As interactive novels, gamebooks allow the reader to play the role of major character in a storyline, a bit like a single-player pen-and-paper RPG. Every 2-5 pages a decision is thrust upon them. From minor decisions about which path to take, or where to sleep that night, to major decisions such which of your friends of family to save first from a bloodthirsty sect intent on your suffering, the reader has a very real influence over the fate of the storyline. What's fascinating about these is that its entirely possible to get very bad endings, and part of the fun of these books is figuring out how to get to the 'right' ending.
Take the right path and much in the way of treasure and success will follow. Take the wrong path, and your character may suffer falls, road blocks, or even perish. In the right storytelling hands the plot can be gripping,with progress and achievements granting considerable attachment towards your hero.
The team at Tin Man Games must be given credit for being that right storytelling hands. An Australian developer who have carved out a considerable niche market, they have managed to create the ideal gamebook environment, a mix of intelligent and engaging plot mixed with action and adventure.
So now the context. In Curse of the Assassins, the reader assumes the role of an adventurer of considerable acclaim who is engaged to the local governor's daughter, and is a stand-out hero who discovers the untimely death of his former adventuring partner and childhood friend. The investigation, and avenging, of this most sorrowful sight is left to the player.
The storyline is gripping. Whilst the second person viewpoint that marks the genre is not every reader's cup of tea, it is performed to an exceptional level, and really engages the reader. Characters are well developed, their individual personalities easy to connect with. Decisions lead to tangents, but returning to the major plotlines is seamless. The only issue I can describe is that the main plotline can be completed, even in the most difficult setting, within three hours. Replayability is high. Whilst the story will always commence from the same location, the decision trees lead to vastly different stories, each with its own series of challenges and rewards.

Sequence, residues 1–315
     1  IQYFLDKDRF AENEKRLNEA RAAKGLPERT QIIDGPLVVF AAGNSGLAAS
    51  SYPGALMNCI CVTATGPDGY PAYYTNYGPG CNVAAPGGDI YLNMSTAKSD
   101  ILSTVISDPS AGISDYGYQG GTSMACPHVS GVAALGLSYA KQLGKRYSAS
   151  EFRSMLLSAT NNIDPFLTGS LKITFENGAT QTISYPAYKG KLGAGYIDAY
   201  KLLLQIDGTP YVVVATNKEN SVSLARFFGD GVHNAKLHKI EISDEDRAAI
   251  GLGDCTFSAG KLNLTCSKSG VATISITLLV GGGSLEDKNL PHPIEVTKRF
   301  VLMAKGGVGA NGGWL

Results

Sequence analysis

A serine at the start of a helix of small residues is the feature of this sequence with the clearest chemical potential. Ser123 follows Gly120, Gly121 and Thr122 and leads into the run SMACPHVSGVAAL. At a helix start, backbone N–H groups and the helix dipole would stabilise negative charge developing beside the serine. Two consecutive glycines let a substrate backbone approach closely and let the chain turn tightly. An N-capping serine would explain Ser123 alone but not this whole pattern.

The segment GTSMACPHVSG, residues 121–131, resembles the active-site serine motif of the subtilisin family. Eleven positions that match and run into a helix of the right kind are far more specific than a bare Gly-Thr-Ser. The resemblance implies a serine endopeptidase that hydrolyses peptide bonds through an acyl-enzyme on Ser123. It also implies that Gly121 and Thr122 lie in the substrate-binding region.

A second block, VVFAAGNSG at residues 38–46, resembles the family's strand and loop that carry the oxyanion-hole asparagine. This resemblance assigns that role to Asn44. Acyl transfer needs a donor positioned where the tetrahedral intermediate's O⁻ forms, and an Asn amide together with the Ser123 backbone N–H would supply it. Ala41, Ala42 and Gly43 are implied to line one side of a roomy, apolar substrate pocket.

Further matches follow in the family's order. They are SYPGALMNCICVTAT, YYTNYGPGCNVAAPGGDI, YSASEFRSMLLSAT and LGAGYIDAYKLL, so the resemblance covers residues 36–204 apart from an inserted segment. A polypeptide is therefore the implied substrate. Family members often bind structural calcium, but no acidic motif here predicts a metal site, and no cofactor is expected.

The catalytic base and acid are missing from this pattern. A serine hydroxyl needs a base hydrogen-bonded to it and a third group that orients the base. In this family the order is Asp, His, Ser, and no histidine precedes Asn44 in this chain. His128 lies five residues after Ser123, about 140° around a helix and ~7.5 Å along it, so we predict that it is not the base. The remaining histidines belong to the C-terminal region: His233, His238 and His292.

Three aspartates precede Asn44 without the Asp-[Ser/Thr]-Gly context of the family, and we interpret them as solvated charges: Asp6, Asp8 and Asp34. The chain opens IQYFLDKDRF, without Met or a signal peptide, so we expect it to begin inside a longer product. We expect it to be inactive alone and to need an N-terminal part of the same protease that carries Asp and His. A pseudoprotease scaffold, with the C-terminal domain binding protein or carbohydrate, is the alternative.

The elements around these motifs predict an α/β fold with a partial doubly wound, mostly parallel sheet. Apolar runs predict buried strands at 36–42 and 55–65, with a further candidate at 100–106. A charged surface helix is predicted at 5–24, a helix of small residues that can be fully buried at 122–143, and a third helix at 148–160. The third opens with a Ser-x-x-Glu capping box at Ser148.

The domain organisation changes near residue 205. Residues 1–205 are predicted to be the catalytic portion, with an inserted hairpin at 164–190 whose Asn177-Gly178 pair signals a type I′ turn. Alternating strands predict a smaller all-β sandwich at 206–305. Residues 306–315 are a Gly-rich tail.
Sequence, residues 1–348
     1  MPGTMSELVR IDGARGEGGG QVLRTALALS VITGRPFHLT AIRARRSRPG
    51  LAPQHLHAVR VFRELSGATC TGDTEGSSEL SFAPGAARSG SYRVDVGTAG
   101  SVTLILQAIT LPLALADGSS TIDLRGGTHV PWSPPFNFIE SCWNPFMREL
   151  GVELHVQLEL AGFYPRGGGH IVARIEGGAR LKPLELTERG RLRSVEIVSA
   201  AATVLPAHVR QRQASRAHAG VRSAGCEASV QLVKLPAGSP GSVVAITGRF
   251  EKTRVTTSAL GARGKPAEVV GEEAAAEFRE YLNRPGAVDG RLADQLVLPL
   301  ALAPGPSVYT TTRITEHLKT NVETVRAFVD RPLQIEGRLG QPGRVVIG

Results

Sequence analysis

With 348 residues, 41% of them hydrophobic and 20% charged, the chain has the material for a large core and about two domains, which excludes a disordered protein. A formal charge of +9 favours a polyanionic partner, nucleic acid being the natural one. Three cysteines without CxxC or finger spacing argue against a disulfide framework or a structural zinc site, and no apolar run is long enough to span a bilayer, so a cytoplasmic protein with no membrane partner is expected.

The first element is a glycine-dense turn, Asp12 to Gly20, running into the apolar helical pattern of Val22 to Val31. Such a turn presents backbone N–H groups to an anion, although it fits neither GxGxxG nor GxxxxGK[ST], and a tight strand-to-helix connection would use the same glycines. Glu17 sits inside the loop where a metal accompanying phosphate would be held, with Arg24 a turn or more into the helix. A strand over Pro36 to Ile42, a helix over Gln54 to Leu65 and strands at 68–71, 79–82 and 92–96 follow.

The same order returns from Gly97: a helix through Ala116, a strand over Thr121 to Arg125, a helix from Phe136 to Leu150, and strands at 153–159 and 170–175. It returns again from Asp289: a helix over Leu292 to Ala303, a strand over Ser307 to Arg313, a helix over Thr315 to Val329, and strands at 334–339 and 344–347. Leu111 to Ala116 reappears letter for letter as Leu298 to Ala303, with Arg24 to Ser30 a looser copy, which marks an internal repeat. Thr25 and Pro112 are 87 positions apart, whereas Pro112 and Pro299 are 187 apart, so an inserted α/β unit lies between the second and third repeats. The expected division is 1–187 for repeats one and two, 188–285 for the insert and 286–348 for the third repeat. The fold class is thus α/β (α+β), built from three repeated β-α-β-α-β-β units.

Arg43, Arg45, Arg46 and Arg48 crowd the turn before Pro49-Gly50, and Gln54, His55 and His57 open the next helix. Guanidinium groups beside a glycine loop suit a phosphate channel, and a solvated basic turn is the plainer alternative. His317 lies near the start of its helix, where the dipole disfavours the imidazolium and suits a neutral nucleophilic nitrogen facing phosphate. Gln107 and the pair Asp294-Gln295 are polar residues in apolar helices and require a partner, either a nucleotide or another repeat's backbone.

Beyond plot, the success of this genre is the interactive component. Keeping true to original gamebook styles, this takes the place through story dictated battles - from common thugs to mythological creatures, interacting with the environment (when prompted) were hazardous. Foolhardy decisions to walk treacherous paths may require you to make a single dice roll to avoid the massive damage from falling. All challenges take the place of dice rolls, the more difficult the challenge, the harder the score to beat. All rolls were prompted nicely, progression in the game dependent on the outcome. Like all games of chance, the fear of a negative dice roll when down to limited remaining health was always a scary moment! And it's at times frustrating to know that skill isn't as critical as luck, but all in all it's an intuitive gaming engine that feels authentic.
Achieving in-game goals was simple - the interface was clean, uncluttered and very easy to navigate. Inventory items were added automatically (with little customisation) and seamlessly, with item related status changes reflecting the challenging in acquiring nicely. Whilst more interaction may be required to sate the appetites of hardcore gamers, the ability to be swept along in the storyline was remarkable.
As one would expect from a team that has produced this many gamebooks, the game is very professional in its approach. Artwork was gorgeously designed, bringing a sense of class to the virtual book Music does contribute to the mood, but it was on the monotonous side. Whilst perhaps a greater, ranged score may have combined well with tense and more relaxing turns of events, it is far from distracting. Sound effects, in particular dice roles, were extremely well execution and added realism to the gaming experience
All put together, Curse of the Assassin is a fun experience. It works as a stand-alone story, but this is actually a sequel, although upon completion you may be compelled to try its predecessor, and all others of its like.
- Owen S.
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